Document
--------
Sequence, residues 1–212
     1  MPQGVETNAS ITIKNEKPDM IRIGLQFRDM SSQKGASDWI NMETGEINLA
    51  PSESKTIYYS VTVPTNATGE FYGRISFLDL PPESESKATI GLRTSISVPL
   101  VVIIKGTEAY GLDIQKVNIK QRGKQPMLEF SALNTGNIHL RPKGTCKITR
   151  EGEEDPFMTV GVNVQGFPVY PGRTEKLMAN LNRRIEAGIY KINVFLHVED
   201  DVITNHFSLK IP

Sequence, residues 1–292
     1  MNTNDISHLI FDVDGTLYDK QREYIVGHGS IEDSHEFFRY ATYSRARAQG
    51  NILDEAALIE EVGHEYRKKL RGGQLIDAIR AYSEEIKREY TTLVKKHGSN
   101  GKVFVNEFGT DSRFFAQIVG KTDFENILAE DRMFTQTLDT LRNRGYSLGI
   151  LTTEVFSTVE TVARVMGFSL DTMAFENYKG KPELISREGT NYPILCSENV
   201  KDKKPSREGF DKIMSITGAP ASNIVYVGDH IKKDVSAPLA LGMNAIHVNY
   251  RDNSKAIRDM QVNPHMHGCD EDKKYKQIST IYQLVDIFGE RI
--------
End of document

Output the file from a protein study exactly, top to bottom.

Sequence, residues 1–212
     1  MPQGVETNAS ITIKNEKPDM IRIGLQFRDM SSQKGASDWI NMETGEINLA
    51  PSESKTIYYS VTVPTNATGE FYGRISFLDL PPESESKATI GLRTSISVPL
   101  VVIIKGTEAY GLDIQKVNIK QRGKQPMLEF SALNTGNIHL RPKGTCKITR
   151  EGEEDPFMTV GVNVQGFPVY PGRTEKLMAN LNRRIEAGIY KINVFLHVED
   201  DVITNHFSLK IP

Sequence, residues 1–292
     1  MNTNDISHLI FDVDGTLYDK QREYIVGHGS IEDSHEFFRY ATYSRARAQG
    51  NILDEAALIE EVGHEYRKKL RGGQLIDAIR AYSEEIKREY TTLVKKHGSN
   101  GKVFVNEFGT DSRFFAQIVG KTDFENILAE DRMFTQTLDT LRNRGYSLGI
   151  LTTEVFSTVE TVARVMGFSL DTMAFENYKG KPELISREGT NYPILCSENV
   201  KDKKPSREGF DKIMSITGAP ASNIVYVGDH IKKDVSAPLA LGMNAIHVNY
   251  RDNSKAIRDM QVNPHMHGCD EDKKYKQIST IYQLVDIFGE RI